- the wine was an Italian (Sicily) white, Corvo Insolia 2013, from Philippe Wine in Chelsea
- the music was Pascal Dusapin’s ‘Etudes Pour Piano’, performed by Vanessa Wagner
Choosing the ingredients for this meal was easy. I went to the Greenmarket on Wednesday primarily to buy fish, and nothing else. The sign for Blackfish (aka ‘Tautog) jumped out at me as soon as I arrived at the Blue Moon stand, and so it would be; it’s one of my favorites.
I didn’t really need any more vegetables, but I’m a sucker for a good display, and the people of Eckerton Hill Farm are masters at it. Lying next to a table laden with beautiful greens in woven wicker and miniature ‘bushel’ baskets was this display of ‘French Breakfast radishes‘. I decided that choosing them as a side would give me both roots and greens in one dish.
- a 1-pound fillet of Blackfish (Tautog in New England) from Blue Moon Fish Company, seasoned with sea salt and freshly-ground Telicherry pepper, sautéed in a heavy tin-lined oval copper pan for about 4 minutes on each side, the skin side down first, drizzled with organic lemon juice, and finished with a dusting of Pollen Ranch Dill Pollen, divided into two and moved onto plates, the pan juices gently drizzled over each one
- one bunch of French Breakfast radishes from Eckerton Hill Farm, washed, the leaves removed and set aside (the little white ‘tails’ could have been left on, but I removed them without thinking), and the roughly-chopped buds of a half dozen ramps from Berried Treasures, sprinkled with salt and pepper, sautéed in a little olive oil in another copper skillet for a few minutes, the radish leaves and the ramp leaves (cut as ribbons) added to the pan and stirred in, chopped lovage from Berried Treasures added, and more used to garnish the vegetables when they were on the plates [I added a little white wine after sautéeing the radishes and ramp buds, and kept cooking, stirring, until the liquid had evaporated, but that step is certainly optional]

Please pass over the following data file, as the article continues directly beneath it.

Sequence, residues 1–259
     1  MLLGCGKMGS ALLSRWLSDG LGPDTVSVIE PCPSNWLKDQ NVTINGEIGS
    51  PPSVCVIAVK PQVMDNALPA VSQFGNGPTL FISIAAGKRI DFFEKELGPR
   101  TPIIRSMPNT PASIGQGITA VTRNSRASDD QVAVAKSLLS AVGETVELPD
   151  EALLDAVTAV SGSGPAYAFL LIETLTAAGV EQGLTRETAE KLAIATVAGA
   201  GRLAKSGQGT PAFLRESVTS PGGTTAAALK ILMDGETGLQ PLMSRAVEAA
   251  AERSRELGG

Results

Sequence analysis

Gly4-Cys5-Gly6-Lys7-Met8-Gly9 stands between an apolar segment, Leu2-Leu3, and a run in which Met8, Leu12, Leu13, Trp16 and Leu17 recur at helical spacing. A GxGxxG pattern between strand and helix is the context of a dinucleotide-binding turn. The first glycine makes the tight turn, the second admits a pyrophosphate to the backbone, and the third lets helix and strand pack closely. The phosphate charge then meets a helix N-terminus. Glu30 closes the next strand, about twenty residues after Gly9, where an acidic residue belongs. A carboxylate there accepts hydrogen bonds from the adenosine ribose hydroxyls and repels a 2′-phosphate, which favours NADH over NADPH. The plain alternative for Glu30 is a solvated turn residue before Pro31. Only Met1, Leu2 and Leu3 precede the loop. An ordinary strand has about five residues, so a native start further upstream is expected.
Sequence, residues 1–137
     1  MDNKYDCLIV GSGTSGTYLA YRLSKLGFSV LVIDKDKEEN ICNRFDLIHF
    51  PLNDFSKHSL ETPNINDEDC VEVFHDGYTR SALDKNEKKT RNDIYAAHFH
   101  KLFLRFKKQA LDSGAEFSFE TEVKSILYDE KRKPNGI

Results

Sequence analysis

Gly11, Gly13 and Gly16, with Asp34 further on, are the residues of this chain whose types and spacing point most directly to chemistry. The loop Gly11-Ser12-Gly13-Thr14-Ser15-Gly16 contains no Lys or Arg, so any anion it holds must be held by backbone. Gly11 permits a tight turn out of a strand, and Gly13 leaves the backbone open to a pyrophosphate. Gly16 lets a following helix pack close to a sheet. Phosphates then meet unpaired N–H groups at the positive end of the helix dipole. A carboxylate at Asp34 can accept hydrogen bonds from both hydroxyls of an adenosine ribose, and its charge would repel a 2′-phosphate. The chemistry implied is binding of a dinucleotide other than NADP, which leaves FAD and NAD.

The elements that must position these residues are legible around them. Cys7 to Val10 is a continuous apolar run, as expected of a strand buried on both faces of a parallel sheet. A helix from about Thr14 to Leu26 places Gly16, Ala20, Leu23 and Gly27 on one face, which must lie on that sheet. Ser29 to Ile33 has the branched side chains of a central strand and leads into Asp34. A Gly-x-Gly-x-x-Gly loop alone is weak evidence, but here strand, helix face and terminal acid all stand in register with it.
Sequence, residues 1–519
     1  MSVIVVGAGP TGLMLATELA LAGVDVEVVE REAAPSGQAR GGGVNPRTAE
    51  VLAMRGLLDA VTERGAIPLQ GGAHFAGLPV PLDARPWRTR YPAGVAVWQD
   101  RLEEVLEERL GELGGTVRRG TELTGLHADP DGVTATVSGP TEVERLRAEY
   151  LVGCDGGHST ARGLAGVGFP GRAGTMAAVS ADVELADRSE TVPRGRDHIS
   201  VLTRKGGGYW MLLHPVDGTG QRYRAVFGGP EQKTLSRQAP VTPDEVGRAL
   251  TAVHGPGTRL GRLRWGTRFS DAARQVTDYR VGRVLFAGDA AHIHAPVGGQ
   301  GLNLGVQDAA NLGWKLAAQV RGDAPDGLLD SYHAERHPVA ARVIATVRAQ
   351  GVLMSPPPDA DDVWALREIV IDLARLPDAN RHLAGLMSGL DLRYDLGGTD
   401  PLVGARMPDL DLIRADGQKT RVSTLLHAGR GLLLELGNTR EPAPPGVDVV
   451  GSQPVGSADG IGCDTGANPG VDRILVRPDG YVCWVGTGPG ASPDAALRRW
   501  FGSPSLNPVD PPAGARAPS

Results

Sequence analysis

- the wine was a French (Loire) white, Château Soucherie Cuvée Les Rangs de Longue Anjou Blanc 2014 , from Chelsea Wine Vault
- the music was by Heinrich Ignaz Biber, the album, ‘Mensa Sonora, Sonata Representiva‘
Because we’re leaving the country this Monday for Germany (Munich and Berlin) and will be away for three weeks, I’m beginning to, figuratively, extinguish the kitchen fire. It means I have to remember that there will be only a finite number of meals before then, and I’ve started to plan accordingly.
Tonight it was pasta in an unlikely marriage with collards.
I incorporated these delicious greens, which I had been keeping in the crisper for a few days, in a dish which used most of a lemon (both rind and juice) that had also been awaiting its turn to shine, along with the last of a jar of pine nuts that I had stored in the refrigerator when the market price was relatively modest. The medium was a package of a very good whole wheat pasta for which I had hoped to find a good excuse to include in a meal; this turned out to be the occasion.
The very simple recipe is from Martha Stewart.
- my ingredients included Garofalo whole wheat spaghetti, organic garlic from Trader Joe’s, dried Itria-Sirissi chili, peperoncino di Sardegna intero from Buon Italia, collard greens from Norwich Meadows Farm, organic lemon from Whole Foods, and Pecorino Romano from Buon Italia
- the wine was a Spanish (Castilla y Leon/Uclés) white, Fontana Mesta Verdejo Uclés 2014, from Chelsea Wine Vault
- the music was the album, ‘Yarn/Wire/Currents Vol. 2‘, and also, because we lingered at the table until fairly late, ‘David Brynjar Franzson: The Negotiation Of Context‘